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It has been called “the day that FIFA has long dreaded”: the day that decades of graft and a level of ostentatious excess that would make Caligula blush caught up with the international soccer body. 14 people including nine top FIFA officials have been arrested on corruption charges levied by the US Justice Department. Seven were taken into custody in a dramatic arrest by Swiss law enforcement at a luxury hotel in Zurich. As the late Uruguayan journalist Eduardo Galeano wrote two decades ago, “There are visible and invisible dictators. The power structure of world football is monarchical. It’s the most secret kingdom in the world.”
Well the kingdom has been cracked open and no one is sure what we will find out once all the deals have been cut and the whistleblowers have played their tunes. Make no mistake: We may look back upon today as the beginning of the end of FIFA as we know it. All of the 209 member representatives of FIFA had gathered in Zurich for their congress, which was expected to be “a boring affair,” where President Sepp Blatter would coast to reelection. Boring is the last word on anyone’s mind now.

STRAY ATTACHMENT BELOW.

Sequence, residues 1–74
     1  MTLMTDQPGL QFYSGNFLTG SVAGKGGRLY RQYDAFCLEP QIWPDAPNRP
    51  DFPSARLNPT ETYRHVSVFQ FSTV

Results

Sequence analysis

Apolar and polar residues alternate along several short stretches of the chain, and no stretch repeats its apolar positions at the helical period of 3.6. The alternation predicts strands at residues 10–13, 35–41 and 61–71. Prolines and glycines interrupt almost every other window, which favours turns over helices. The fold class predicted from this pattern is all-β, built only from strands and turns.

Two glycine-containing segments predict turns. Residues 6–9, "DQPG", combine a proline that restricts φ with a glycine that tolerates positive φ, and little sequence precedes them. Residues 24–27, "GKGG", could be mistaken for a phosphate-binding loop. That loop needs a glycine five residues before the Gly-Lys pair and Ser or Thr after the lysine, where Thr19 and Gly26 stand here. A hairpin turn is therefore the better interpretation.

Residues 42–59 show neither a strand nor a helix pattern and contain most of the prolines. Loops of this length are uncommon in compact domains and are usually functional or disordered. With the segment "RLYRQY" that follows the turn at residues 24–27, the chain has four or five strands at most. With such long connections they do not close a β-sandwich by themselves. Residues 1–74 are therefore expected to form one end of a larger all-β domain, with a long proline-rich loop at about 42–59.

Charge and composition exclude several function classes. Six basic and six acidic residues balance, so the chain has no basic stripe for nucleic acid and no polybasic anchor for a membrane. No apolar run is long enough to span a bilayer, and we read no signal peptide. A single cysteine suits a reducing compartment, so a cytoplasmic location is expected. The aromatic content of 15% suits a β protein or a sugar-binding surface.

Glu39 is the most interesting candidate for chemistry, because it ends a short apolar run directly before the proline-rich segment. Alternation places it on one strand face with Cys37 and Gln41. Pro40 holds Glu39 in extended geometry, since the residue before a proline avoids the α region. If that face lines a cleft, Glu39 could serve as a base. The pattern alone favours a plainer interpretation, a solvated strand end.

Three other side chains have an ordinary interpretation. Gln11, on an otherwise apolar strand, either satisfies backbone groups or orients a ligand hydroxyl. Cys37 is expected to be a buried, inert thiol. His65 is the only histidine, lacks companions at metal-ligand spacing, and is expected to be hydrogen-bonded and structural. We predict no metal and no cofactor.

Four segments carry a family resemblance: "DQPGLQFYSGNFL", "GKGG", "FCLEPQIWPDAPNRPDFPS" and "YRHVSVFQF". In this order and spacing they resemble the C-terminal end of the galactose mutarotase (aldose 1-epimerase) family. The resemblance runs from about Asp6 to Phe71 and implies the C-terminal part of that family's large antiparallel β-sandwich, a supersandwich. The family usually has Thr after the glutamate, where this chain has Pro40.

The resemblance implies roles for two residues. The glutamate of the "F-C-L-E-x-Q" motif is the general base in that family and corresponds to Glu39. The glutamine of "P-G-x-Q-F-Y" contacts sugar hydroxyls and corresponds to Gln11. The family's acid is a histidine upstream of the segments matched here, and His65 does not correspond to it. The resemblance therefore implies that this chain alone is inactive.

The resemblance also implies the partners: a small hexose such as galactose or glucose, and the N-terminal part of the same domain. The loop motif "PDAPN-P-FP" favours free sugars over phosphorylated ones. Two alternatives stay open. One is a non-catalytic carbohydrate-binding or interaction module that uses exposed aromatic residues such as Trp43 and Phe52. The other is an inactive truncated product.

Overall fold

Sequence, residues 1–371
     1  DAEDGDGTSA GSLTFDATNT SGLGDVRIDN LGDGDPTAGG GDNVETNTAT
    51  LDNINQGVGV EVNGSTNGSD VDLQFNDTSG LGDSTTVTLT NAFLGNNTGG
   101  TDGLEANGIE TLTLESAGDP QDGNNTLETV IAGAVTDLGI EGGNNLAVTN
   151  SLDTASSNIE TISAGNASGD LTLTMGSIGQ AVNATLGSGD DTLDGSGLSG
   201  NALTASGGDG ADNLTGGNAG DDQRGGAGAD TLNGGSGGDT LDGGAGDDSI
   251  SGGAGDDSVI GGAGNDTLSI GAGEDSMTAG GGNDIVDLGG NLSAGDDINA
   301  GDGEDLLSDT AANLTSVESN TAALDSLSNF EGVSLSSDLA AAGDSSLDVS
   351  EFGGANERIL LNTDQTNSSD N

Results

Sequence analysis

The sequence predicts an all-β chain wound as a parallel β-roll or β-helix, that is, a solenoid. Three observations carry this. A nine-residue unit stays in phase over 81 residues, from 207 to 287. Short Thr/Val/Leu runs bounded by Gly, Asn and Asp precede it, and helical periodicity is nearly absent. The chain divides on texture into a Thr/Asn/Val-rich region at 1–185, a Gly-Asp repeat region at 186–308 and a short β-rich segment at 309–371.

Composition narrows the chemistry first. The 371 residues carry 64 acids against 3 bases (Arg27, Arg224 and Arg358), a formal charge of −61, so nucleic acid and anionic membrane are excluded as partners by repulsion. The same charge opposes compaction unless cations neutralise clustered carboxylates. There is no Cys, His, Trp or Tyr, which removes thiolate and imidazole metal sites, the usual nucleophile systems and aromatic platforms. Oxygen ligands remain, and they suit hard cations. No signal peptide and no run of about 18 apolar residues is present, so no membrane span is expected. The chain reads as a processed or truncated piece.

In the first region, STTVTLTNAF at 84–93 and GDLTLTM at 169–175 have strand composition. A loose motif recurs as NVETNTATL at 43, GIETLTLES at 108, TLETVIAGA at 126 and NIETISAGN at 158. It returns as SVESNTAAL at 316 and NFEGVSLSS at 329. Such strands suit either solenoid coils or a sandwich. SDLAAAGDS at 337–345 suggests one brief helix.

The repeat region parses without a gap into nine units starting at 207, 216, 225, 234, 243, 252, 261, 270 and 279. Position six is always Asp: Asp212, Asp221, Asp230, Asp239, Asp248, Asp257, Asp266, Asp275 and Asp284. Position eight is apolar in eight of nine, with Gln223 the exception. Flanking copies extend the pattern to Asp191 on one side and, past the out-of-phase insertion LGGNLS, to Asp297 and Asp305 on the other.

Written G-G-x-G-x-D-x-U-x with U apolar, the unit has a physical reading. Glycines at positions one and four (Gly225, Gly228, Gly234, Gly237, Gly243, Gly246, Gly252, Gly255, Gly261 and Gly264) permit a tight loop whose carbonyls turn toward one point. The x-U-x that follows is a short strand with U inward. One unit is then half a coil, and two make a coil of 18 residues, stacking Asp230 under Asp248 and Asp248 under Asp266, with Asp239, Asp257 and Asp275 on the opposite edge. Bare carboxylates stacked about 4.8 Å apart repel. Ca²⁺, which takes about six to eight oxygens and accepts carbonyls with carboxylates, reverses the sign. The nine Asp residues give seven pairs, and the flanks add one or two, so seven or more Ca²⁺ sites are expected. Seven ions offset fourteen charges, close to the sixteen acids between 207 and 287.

The charges brought include money laundering, wire fraud, and international racketeering that alleges $150 million in bribes going back to the 1990s made by big sports-marketing honchos to get their brands associated with major soccer tournaments, but this will be just the tip of the iceberg. Here is what was said by US attorney general Loretta Lynch: “The indictment alleges corruption that is rampant, systemic and deep-rooted both abroad and here in the United States. It spans at least two generations of soccer officials who, as alleged, have abused their positions of trust to acquire millions of dollars in bribes and kickbacks.” (Lynch said the selection of the United States to host next year’s Copa América was facilitated by $110 million in bribes.)